Is punishment as effective as we think?

A game to study human behavior has shown punishment is an ineffective means for promoting cooperation among players. The result has implications for understanding how cooperation has evolved to have a formative role in human ...

Carrot or stick? Game-theory can optimize collaboration

What motivates people to cooperate in collaborative endeavors? "First carrot, then stick". Tatsuya Sasaki, mathematician from the University of Vienna, has put forth for the first time ever a mathematical proof of this process. ...

Difficult-to-read font reduces political polarity, study finds

(Phys.org)—Liberals and conservatives who are polarized on certain politically charged subjects become more moderate when reading political arguments in a difficult-to-read font, researchers report in a new study. Likewise, ...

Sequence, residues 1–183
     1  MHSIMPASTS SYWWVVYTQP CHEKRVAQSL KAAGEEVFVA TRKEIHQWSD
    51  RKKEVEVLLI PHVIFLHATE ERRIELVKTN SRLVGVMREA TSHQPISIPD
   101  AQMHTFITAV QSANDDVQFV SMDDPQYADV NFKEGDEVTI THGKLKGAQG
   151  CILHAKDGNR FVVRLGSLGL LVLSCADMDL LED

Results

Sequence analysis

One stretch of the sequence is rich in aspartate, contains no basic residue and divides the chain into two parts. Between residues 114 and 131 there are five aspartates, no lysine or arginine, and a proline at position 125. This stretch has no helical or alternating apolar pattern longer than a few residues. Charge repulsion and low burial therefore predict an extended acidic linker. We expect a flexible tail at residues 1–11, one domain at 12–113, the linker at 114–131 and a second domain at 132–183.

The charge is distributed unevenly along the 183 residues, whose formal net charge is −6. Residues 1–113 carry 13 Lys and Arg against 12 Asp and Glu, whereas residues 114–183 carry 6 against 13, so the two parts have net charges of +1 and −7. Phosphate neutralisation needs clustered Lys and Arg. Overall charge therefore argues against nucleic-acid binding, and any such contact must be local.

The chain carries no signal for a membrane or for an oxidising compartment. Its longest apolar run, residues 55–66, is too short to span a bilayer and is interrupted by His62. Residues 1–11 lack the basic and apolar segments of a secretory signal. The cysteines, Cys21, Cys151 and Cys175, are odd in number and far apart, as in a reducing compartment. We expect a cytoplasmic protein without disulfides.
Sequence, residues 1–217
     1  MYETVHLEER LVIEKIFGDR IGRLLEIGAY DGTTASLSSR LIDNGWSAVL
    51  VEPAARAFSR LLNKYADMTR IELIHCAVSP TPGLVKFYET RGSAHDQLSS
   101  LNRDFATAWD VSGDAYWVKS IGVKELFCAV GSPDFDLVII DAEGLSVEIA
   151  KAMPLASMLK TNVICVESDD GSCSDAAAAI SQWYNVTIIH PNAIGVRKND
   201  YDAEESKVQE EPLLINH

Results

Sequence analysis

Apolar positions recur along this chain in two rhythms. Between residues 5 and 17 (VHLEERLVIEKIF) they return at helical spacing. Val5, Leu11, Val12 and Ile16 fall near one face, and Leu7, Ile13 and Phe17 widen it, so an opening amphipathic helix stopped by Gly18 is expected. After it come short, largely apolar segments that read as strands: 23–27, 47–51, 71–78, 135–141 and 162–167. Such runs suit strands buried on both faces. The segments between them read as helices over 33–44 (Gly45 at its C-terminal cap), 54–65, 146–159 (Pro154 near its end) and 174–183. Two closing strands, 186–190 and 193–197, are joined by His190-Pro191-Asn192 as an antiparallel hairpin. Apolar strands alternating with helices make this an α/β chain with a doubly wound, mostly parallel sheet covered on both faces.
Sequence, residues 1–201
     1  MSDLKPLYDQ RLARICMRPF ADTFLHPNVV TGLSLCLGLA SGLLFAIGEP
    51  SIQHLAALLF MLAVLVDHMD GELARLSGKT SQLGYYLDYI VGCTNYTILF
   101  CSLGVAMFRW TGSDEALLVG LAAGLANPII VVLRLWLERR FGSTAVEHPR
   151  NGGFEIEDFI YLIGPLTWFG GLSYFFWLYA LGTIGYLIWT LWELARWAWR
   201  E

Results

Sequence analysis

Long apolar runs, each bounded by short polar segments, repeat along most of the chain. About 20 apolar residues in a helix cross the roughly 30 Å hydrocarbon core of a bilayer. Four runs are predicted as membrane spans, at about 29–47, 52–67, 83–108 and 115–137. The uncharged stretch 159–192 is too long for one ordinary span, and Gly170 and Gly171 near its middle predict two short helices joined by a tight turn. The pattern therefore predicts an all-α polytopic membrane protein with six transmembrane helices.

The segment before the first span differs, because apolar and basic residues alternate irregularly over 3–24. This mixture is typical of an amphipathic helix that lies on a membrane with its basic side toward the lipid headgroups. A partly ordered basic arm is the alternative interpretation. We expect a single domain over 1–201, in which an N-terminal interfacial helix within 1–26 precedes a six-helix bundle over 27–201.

How do political parties influence you?

When U.S. President Barack Obama declared his support for same-sex marriage on May 9 of this year, the Twitterverse went into overdrive. Social media analysts reported that Twitter saw 1.6 million #gaymarriage tweets immediately ...

The problem with solitary confinement

It's a practice that has been in the news since the Ashley Smith case first made headlines and, last week, the Ontario government announced it had launched a review of its solitary confinement policies.

Chance, not ideology, drives political polarization

Ever-widening divisions between Democrats and Republicans are believed to reflect deeply rooted ideological differences, but a new study points to a radically different interpretation: it may be mostly a matter of luck.

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